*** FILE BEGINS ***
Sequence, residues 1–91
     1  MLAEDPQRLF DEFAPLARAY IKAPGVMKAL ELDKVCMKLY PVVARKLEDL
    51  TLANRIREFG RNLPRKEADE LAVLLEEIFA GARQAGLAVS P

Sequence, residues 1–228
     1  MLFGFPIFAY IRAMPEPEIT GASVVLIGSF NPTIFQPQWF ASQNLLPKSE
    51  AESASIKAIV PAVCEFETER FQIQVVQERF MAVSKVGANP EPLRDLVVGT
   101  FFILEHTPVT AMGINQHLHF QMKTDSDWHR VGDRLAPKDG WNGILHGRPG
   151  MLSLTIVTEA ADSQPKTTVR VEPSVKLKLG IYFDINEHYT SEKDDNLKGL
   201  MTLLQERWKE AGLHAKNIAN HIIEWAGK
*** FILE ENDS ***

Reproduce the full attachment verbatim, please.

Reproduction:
Sequence, residues 1–91
     1  MLAEDPQRLF DEFAPLARAY IKAPGVMKAL ELDKVCMKLY PVVARKLEDL
    51  TLANRIREFG RNLPRKEADE LAVLLEEIFA GARQAGLAVS P

Sequence, residues 1–228
     1  MLFGFPIFAY IRAMPEPEIT GASVVLIGSF NPTIFQPQWF ASQNLLPKSE
    51  AESASIKAIV PAVCEFETER FQIQVVQERF MAVSKVGANP EPLRDLVVGT
   101  FFILEHTPVT AMGINQHLHF QMKTDSDWHR VGDRLAPKDG WNGILHGRPG
   151  MLSLTIVTEA ADSQPKTTVR VEPSVKLKLG IYFDINEHYT SEKDDNLKGL
   201  MTLLQERWKE AGLHAKNIAN HIIEWAGK